Enterococci are bacteria that commonly live in:
In some cases, it can cause an infection. When this happens, the antibiotic vancomycin may be given to cure the infection.
However, some types of the bacteria are resistant to vancomycin. When the bacteria are resistant, the infection is not cured. This is called vancomycin-resistant enterococci (VRE) infection. It is common in hospitals and long-term care facilities. It is very dangerous to those who are critically ill.
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Vancomycin-resistant enterococci (VRE) infection is common in hospitals and long-term care facilities. It is particularly dangerous to those who are critically ill. If you think you have this condition, tell your doctor right away.
A number of species cause VRE infection, but the most common are:
These factors increase your chance of developing VRE:
Symptoms depend on where the infection is found.
For example, if VRE causes a urinary tract infection , you may have:
VRE can cause the following:
Each infection has its own symptoms. Your doctor will discuss these symptoms with you.
Your doctor will ask about your symptoms and medical history. A physical exam will be done. A lab test is done to diagnose VRE and to rule out other conditions.
Talk with your doctor about the best plan for you. Treatment options include the following:
VRE can be treated with other types of antibiotics. Tests can be done to find out which ones will work. The type that is chosen is based on the kind of infection and how severe it is. Common antibiotics used to treat VRE include:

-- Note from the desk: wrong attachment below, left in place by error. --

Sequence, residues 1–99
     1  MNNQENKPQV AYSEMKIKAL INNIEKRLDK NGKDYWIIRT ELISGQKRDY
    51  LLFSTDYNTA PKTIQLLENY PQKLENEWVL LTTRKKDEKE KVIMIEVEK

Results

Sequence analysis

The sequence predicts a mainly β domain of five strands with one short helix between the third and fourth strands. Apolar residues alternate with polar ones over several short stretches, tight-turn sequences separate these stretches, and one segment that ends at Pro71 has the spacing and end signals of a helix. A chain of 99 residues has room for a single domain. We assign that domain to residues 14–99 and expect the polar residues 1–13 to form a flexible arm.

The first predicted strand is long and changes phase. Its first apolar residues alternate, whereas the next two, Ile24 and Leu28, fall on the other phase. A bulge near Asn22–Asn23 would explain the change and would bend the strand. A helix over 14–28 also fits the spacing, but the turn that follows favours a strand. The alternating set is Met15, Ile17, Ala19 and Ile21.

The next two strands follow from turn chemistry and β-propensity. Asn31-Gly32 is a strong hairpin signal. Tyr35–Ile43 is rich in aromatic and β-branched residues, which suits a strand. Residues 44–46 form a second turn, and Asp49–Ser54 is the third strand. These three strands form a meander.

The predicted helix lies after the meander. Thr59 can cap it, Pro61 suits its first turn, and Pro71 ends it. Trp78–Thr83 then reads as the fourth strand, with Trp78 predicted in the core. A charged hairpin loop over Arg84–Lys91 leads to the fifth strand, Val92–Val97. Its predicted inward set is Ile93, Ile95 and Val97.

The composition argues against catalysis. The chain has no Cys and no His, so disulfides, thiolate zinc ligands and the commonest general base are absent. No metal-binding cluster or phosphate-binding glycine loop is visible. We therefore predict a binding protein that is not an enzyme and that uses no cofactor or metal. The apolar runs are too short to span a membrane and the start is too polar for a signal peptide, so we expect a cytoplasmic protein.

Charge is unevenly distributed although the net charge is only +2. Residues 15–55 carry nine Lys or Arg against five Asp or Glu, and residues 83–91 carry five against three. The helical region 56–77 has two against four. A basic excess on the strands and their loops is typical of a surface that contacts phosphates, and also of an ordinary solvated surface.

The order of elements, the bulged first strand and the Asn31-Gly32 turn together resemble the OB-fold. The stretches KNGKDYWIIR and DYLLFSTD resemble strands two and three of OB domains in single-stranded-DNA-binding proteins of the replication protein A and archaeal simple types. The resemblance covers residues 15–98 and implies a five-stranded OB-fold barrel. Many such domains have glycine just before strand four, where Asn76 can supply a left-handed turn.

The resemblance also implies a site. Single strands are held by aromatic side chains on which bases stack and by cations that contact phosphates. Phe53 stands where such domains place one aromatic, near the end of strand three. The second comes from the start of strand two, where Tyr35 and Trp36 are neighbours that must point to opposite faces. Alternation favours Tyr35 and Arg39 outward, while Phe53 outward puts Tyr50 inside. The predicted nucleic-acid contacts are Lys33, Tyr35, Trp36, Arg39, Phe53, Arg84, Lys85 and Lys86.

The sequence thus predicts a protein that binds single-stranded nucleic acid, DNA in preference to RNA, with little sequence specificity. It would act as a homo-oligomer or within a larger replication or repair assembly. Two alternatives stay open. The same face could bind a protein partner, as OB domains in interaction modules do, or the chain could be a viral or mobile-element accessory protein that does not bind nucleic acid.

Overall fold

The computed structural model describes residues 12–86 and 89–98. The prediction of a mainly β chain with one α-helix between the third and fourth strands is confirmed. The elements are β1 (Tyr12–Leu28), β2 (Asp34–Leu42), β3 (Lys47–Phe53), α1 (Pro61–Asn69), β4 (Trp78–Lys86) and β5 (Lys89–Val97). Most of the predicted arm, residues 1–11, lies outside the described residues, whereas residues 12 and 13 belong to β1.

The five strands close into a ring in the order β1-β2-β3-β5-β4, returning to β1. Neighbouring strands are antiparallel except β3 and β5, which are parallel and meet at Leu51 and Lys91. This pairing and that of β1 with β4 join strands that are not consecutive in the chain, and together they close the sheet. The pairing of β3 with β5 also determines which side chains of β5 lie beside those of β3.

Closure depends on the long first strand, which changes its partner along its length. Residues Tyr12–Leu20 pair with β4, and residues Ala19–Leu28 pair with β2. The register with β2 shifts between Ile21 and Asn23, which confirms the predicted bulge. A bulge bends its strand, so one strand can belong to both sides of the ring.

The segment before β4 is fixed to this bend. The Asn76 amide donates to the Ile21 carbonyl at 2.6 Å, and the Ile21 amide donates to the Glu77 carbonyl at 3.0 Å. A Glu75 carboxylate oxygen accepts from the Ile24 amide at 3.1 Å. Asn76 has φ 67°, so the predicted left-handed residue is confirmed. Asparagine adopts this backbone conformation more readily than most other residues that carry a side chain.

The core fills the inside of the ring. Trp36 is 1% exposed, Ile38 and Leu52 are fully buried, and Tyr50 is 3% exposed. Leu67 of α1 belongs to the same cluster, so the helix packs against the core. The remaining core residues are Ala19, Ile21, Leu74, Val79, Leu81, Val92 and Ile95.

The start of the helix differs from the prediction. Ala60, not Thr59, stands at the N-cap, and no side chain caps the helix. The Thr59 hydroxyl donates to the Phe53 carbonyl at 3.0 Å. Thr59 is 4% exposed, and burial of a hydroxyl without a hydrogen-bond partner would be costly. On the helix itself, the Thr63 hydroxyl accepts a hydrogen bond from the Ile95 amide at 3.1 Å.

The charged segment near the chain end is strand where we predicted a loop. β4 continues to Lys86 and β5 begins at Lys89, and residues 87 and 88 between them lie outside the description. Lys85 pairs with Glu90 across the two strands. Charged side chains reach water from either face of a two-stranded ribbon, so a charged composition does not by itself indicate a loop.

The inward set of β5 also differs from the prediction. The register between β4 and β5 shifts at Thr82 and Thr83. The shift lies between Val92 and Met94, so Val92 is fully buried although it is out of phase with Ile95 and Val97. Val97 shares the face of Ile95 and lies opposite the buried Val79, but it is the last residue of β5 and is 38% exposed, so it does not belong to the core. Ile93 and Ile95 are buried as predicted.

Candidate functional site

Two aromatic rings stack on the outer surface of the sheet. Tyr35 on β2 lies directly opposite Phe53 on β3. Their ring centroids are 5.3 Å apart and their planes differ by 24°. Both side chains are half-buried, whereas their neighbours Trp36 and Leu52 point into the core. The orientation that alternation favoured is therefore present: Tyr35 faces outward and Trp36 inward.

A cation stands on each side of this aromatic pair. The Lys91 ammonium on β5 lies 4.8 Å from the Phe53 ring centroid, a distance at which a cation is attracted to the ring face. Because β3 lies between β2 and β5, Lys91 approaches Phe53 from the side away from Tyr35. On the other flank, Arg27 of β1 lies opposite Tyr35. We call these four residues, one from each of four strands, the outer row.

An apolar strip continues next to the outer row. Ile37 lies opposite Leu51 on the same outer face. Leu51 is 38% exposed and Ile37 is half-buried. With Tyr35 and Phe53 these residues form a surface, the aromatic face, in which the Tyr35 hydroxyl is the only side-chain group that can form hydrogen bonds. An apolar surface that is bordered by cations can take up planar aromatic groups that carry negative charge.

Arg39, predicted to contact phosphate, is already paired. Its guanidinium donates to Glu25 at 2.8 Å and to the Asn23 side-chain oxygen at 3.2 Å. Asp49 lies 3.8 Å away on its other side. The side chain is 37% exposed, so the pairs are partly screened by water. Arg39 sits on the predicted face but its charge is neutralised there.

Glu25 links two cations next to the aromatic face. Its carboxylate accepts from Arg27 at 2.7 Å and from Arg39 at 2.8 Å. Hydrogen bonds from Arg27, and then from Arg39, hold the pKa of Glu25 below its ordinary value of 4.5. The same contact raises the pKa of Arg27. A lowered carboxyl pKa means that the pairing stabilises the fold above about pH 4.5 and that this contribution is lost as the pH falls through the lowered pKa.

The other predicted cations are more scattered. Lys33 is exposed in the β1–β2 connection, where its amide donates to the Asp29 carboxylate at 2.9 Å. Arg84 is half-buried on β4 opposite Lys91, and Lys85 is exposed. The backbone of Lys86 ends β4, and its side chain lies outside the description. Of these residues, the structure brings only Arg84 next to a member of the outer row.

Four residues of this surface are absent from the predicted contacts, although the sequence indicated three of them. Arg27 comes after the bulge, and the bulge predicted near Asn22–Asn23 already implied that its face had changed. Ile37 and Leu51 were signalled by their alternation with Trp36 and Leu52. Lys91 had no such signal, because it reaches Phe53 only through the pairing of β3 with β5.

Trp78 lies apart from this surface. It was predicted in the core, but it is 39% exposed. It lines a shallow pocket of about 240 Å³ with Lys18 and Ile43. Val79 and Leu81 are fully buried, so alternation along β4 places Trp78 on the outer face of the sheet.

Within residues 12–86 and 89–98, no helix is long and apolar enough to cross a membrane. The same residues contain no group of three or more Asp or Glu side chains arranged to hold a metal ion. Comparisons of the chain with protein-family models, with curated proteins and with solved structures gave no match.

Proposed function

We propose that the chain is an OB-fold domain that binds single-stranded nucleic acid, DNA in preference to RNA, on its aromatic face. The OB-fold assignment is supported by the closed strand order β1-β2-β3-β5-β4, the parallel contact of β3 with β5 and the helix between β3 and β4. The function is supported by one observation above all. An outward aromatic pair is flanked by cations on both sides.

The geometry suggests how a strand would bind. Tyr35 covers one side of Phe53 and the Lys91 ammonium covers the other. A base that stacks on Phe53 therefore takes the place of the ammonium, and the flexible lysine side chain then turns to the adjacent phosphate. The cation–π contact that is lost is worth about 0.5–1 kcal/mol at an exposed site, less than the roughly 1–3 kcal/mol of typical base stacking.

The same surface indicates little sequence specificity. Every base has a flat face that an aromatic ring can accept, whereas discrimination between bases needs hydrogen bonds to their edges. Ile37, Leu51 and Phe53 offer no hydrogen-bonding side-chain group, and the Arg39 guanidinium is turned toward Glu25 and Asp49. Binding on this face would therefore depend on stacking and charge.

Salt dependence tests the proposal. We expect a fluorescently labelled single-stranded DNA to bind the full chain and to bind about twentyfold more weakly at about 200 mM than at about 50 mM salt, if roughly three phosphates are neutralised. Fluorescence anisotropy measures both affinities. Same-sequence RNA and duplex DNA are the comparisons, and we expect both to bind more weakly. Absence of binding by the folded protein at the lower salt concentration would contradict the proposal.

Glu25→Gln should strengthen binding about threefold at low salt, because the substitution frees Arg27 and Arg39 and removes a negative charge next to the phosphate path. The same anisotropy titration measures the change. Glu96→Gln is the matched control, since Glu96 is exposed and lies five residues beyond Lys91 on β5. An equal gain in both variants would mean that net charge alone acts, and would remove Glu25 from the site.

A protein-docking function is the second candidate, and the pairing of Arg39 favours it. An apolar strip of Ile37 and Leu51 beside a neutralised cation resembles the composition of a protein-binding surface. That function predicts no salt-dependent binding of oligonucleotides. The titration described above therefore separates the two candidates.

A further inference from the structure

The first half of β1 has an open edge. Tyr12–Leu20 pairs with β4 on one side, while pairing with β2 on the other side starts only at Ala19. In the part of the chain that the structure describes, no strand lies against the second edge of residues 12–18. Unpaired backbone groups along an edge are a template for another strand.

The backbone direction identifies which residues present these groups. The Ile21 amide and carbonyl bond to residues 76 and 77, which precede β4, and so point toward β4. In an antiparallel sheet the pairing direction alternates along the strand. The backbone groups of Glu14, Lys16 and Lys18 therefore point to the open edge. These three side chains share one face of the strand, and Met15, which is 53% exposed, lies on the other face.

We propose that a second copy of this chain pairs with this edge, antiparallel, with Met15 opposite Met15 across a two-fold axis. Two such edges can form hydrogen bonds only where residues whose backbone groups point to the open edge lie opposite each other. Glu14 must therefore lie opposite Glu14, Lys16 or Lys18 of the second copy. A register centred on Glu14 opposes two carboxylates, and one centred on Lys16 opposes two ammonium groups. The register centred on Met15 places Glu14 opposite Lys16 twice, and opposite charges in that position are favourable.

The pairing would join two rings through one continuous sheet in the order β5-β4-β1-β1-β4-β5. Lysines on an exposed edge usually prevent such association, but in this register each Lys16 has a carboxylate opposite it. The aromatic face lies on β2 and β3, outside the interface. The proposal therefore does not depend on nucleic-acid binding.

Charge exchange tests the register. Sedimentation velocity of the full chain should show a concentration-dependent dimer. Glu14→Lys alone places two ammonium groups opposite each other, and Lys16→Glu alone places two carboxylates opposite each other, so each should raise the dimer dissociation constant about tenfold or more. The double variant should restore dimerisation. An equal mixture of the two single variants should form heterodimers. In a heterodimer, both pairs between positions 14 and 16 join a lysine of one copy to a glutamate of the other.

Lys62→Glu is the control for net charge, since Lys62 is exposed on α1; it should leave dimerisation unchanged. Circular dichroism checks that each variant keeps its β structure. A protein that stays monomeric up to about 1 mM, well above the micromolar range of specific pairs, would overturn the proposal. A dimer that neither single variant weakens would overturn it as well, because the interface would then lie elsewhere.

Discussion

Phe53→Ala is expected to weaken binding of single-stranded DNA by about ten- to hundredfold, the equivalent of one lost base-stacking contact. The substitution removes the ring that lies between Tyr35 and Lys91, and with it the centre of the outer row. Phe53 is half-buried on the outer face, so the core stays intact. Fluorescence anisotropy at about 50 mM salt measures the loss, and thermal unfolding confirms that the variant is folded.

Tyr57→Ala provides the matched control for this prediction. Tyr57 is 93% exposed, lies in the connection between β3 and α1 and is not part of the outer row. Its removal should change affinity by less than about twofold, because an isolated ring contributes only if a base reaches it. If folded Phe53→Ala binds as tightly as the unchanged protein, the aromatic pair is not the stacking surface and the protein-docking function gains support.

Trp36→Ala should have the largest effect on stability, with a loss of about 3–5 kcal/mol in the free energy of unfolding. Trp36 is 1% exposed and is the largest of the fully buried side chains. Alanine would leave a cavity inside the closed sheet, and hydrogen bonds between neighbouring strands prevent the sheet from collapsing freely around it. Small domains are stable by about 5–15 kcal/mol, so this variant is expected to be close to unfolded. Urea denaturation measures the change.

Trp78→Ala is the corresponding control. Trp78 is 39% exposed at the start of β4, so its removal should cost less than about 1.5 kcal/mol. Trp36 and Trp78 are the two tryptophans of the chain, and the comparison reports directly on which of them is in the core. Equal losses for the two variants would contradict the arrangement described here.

If the infection is in your bladder, you may have a catheter placed to drain urine. Your doctor may want to have the catheter in for the shortest time possible to decrease risk of further infection.
To help reduce your chance of getting VRE, take the following steps:
In some hospitals, screening tests are done for patients at high-risk for VRE.
Centers for Disease Control and Prevention
National Institutes of Health
Public Health Agency of Canada
Antimicrobial (drug) resistance: vancomycin-resistant enterococci (VRE). National Institute of Allergy and Infectious Diseases website. Available at: http://www3.niaid.nih.gov/topics/antimicrobialResistance/Examples/vre/prevention.htm . Accessed August 11, 2008.
Huycke MM, Sahm DF, Gilmore MS. Multiple-drug resistant enterococci: the nature of the problem and an agenda for the future. Emerg Infect Diseases . 1998 April-June;4(2).
Information for the public about VRE. Centers for Disease Control and Prevention website. Available at: http://www.cdc.gov/ncidod/dhqp/ar_VRE_publicFAQ.html. . Updated April 2008. Accessed August 11, 2008.
Multidrug-resistant organisms in non-hospital healthcare settings. Centers for Disease Control and Prevention website. Available at: http://www.cdc.gov/ncidod/dhqp/ar_multidrugFAQ.html . Published December 2000. Accessed August 11, 2008.
Task Force of Antimicrobial Resistance (TFAR). Guidelines for the prevention and control of vancomycin resistant enterococci (VRE) in long-term care facilities. South Dakota Department of Health website. Available at: http://doh.sd.gov/PDF/VRE.pdf . Accessed August 11, 2008.
Vancomycin-resistant enterococci (VRE) infection. EBSCO DynaMed website. Available at: http://www.ebscohost.com/dynamed/what.php . Updated June 2008. Accessed August 11, 2008.
Last reviewed March 2013 by Daus Mahnke, MD
Please be aware that this information is provided to supplement the care provided by your physician. It is neither intended nor implied to be a substitute for professional medical advice. CALL YOUR HEALTHCARE PROVIDER IMMEDIATELY IF YOU THINK YOU MAY HAVE A MEDICAL EMERGENCY. Always seek the advice of your physician or other qualified health provider prior to starting any new treatment or with any questions you may have regarding a medical condition.
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